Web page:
JOHN C CALHOUN DISQUISITION ON GOVERNMENT PDF

Notes on John C. Calhoun, A Disquisition on Government, () But “this [ social] state cannot exist without government”, and “In no age or country has any . A Disquisition on Government [John C. Calhoun, H. Lee Cheek Jr.] on Amazon. com. *FREE* shipping on qualifying offers. This volume provides the most. A DISQUISITION ON GOVERNMENT. In order to have a clear and just conception of the nature and object of government, it is indispensable to understand.

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It will assign a larger sphere to power and a more contracted one to liberty, or the reverse, according to circumstances.

But they differ in this jphn particular. On the contrary, as the instrument of party warfare, it contributes greatly to increase party excitement, and the violence and virulence of party struggles; and, in the same calhouj, the tendency to oppression and abuse of power.

Either of them, without the other, would leave it comparatively feeble. Any other would be not only too complex and cumbersome, but unnecessary to guard against oppression, where the motive to use power for that purpose would be so feeble. He, in his infinite wisdom and goodness, has allotted to every class of animated beings its condition and appropriate functions; and has endowed each with feelings, instincts, capacities, and faculties, best adapted to its allotted condition.

And hence, among other gpvernment, aristocracies and monarchies more readily assume the constitutional form than absolute popular governments. His own state and southern predilections, the agitation of supporters and friends in the South, as well as his concern about balancing sectional interests, led Calhoun to change his earlier nationalist support for the tariff and embrace the South Carolina position on this matter.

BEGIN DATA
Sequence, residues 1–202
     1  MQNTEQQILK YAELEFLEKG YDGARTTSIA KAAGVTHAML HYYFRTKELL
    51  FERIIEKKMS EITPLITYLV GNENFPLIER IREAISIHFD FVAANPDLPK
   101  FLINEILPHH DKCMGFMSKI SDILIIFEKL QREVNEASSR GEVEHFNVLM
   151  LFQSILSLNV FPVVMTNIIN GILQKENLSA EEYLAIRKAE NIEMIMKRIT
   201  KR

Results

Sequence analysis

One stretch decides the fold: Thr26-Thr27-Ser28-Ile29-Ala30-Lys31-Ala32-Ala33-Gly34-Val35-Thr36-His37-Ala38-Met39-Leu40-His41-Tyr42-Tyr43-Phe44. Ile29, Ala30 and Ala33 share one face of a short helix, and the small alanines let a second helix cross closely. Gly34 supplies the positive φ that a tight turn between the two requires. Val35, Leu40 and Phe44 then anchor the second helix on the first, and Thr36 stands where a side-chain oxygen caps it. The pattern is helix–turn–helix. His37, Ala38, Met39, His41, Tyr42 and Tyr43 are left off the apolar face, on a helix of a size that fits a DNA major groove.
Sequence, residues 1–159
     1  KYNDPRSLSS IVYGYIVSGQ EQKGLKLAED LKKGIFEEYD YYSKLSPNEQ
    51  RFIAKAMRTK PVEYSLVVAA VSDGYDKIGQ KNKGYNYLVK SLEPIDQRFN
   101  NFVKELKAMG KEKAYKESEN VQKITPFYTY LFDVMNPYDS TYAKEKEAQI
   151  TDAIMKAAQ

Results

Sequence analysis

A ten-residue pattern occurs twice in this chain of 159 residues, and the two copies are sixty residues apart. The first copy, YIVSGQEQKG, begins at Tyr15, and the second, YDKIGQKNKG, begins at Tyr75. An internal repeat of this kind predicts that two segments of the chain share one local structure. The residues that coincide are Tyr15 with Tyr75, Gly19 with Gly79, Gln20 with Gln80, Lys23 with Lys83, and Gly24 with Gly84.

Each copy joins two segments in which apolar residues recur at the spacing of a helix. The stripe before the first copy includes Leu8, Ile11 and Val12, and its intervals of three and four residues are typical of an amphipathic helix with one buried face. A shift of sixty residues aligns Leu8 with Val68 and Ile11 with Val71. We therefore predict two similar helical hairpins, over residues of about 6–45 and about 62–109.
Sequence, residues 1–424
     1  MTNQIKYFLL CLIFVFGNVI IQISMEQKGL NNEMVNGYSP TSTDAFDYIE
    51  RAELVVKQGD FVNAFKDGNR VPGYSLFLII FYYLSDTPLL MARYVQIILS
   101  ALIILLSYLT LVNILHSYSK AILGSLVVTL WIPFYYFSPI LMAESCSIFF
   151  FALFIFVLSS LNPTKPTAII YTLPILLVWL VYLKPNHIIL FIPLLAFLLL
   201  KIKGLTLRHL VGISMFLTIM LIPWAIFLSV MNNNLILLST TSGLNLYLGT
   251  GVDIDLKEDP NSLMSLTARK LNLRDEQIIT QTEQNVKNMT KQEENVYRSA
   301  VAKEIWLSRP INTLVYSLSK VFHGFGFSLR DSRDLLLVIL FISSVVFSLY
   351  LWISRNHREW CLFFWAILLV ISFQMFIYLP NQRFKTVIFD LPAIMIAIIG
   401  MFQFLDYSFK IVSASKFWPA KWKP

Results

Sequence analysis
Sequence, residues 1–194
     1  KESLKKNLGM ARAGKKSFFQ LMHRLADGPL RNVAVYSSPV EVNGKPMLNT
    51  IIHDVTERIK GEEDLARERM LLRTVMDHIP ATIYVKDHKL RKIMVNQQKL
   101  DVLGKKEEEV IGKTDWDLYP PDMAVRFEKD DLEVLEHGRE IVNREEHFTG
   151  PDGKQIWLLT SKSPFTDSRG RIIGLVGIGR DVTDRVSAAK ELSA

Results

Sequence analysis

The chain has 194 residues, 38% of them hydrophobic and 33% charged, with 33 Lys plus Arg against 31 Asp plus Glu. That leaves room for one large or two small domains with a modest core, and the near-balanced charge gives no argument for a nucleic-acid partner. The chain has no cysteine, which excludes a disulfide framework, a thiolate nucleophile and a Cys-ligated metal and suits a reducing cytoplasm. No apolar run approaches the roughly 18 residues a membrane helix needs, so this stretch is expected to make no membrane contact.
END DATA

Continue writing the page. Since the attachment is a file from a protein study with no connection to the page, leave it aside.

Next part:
The conflict between yovernment two parties must be transferred, sooner or later, from an appeal to the ballot-box to an appeal to force—as I shall next proceed to explain. X first question, accordingly, to be considered is — What is that constitution or law of our nature, without which government would not exist, and with which its existence jlhn necessary?

But one regards numbers only, and considers the whole community as a unit, having but one common interest throughout; and collects the sense of the greater number of the whole, as that of the community. The reasons assigned would not be applicable if the proceeds of the taxes were paid in tribute, or expended in foreign countries.

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In the presidential campaign ofhe decided to limit his obvious ambitions for the time being and settled into the vice-presidency under the administration of John Quincy Adams. A community may possess all the necessary moral qualifications, in so high a degree, as to be capable of self-government under the most adverse circumstances; while, on the other hand, another may be so sunk in ignorance and vice, as to be incapable of forming a conception of liberty, or of living, even when most favored by circumstances, under any other than an absolute and despotic government.